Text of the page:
Some time in May, I ran into Allan McLeod, Head of CDNIS and James Mistruzzi, Principal of Japanese International School at Aberdeen Boat Club.
During our conversations, I mentioned CCA’s intention to establish the post of “Director for Expatriate Affairs” and the fact that I was (and still am) looking for a suitable candidate for it. The idea was to have someone to deal with expatriates and handle their related affairs. Then the issue of who should be considered as an expatriate was raised. I found it intriguing as, apparently, Allan seemed to be of the view that I should consider myself (or words to that effect) “an expatriate” as well.
I am a person who was educated and raised in Hong Kong, went to Canada to continue my tertiary education and returned to Hong Kong after obtaining my two degrees from UBC and my Canadian citizenship status.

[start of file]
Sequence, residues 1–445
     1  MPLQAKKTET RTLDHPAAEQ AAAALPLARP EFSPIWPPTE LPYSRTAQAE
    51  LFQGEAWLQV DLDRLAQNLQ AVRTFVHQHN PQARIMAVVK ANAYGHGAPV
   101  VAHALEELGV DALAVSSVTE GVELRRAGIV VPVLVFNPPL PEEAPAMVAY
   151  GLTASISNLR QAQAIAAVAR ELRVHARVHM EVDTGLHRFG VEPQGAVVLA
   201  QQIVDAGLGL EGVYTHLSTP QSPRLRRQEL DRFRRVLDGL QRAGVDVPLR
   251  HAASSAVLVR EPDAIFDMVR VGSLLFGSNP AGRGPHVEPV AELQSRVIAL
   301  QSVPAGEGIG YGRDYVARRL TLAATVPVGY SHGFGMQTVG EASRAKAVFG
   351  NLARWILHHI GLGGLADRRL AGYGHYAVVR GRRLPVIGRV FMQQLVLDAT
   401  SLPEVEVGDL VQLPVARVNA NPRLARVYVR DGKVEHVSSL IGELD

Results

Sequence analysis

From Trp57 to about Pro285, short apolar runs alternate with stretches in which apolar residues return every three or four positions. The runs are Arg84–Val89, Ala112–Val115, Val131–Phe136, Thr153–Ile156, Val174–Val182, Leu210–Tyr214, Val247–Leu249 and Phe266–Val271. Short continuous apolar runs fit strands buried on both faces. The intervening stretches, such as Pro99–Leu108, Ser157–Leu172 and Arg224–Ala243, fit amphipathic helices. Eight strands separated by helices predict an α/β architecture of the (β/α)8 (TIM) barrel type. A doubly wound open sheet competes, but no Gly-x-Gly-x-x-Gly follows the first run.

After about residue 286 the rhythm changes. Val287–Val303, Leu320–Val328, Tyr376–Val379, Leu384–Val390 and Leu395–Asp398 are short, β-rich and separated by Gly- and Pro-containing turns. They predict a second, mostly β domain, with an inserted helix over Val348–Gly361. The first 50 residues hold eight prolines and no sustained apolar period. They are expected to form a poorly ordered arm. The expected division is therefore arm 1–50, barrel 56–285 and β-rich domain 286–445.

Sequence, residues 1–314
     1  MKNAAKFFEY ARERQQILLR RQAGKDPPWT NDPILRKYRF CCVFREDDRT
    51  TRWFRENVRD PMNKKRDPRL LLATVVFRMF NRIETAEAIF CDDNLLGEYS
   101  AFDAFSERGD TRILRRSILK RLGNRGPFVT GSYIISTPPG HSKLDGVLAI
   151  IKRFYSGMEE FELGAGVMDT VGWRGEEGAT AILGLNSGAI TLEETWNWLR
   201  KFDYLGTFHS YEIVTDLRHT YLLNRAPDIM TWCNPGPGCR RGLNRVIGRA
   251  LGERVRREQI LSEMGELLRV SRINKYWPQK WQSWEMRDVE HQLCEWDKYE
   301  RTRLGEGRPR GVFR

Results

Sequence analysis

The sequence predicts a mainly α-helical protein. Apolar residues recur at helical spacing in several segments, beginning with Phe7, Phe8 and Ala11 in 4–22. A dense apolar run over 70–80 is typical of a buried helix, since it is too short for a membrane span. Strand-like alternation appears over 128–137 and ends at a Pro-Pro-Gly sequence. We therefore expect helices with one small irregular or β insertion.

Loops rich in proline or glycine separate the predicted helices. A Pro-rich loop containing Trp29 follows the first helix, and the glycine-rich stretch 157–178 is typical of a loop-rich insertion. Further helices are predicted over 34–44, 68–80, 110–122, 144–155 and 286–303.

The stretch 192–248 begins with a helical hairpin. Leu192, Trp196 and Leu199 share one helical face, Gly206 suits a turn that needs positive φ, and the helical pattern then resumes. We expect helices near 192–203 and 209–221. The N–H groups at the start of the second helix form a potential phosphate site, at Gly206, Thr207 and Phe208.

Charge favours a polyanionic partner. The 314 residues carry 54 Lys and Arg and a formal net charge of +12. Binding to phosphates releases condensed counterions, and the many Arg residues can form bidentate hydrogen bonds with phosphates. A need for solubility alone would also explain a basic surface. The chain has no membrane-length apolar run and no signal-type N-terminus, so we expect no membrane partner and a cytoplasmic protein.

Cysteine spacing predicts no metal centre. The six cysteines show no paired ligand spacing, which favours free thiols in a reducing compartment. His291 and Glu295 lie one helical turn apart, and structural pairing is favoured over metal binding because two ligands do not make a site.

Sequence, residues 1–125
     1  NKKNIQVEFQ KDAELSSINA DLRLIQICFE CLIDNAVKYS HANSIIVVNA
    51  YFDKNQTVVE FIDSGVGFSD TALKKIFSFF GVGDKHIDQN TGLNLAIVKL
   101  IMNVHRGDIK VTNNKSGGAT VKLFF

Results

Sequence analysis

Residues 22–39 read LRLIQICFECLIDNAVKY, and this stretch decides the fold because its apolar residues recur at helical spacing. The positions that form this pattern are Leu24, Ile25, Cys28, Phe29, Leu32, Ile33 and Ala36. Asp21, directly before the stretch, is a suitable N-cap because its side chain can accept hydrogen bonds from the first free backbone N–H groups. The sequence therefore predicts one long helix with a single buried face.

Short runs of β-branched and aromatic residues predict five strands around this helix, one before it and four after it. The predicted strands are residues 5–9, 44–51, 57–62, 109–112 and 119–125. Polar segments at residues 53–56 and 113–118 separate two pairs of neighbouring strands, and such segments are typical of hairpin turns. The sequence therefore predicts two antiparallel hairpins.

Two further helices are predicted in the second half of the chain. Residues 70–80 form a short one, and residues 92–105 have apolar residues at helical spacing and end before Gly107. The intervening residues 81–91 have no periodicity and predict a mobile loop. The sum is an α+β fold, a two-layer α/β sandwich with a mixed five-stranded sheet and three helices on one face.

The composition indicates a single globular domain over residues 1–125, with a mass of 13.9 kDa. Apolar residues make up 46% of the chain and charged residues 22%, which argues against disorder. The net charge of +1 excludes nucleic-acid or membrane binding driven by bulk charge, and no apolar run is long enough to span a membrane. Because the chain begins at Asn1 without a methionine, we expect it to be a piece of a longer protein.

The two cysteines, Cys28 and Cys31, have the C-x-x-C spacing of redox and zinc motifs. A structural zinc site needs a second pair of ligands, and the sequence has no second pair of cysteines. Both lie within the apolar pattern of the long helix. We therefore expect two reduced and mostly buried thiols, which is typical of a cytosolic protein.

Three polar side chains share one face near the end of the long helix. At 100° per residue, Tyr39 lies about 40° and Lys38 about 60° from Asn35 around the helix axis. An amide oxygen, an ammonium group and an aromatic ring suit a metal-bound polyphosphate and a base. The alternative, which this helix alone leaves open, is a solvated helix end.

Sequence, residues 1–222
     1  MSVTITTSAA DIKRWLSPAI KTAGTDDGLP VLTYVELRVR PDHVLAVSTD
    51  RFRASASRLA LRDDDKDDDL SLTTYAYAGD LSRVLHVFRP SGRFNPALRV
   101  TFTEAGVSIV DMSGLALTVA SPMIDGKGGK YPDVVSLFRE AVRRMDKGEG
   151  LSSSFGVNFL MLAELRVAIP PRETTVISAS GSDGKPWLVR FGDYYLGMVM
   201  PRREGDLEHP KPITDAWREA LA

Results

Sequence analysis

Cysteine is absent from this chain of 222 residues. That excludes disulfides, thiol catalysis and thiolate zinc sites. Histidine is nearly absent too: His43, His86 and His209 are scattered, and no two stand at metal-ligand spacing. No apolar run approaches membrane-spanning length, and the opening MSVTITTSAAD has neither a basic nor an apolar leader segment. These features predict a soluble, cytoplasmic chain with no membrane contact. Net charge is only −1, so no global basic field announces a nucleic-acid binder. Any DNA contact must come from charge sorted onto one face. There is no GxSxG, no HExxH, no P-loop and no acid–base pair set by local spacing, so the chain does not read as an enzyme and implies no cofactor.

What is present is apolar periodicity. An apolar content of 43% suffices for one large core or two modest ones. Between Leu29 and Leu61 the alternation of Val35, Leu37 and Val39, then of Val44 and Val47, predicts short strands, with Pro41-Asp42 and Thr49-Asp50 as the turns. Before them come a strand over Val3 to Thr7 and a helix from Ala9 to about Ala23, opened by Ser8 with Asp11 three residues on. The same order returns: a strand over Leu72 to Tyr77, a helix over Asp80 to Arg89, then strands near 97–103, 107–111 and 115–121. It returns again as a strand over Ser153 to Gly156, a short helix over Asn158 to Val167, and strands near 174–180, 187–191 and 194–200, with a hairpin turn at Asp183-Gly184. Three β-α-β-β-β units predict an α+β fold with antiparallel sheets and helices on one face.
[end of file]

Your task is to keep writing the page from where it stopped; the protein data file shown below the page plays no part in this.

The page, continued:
It is intriguing, at least to me, to be considered as an “expatriate” in such circumstances as it has never dawned on me in all these years that I should be considered as such.
One dictionary defines “Expatriate” as a “person living outside his own country”. Hong Kong was my home before I left for Canada and the place that I returned to live after spending eleven odd years in Canada. As I am now living in my “home country”, it seems that I should be considered as a returnee but not an expatriate in the true sense and meaning of the word.
Certainly, any Canadians who came to work in Hong Kong and do not hold a permanent Hong Kong Identity Card should rightly be considered as an expatriate and I venture to say, even amongst those who have obtained a permanent Hong Kong Identity Card, are still expatriates if they were originally having Canada as their home country.
After the analysis, I am happy to report that in the context of the Hong Kong situation, I am not an expatriate but an returnee and my original idea of establishing a post of Director for Expatriate Affairs is proper and appropriate so that CCA can attract more expatriates as members.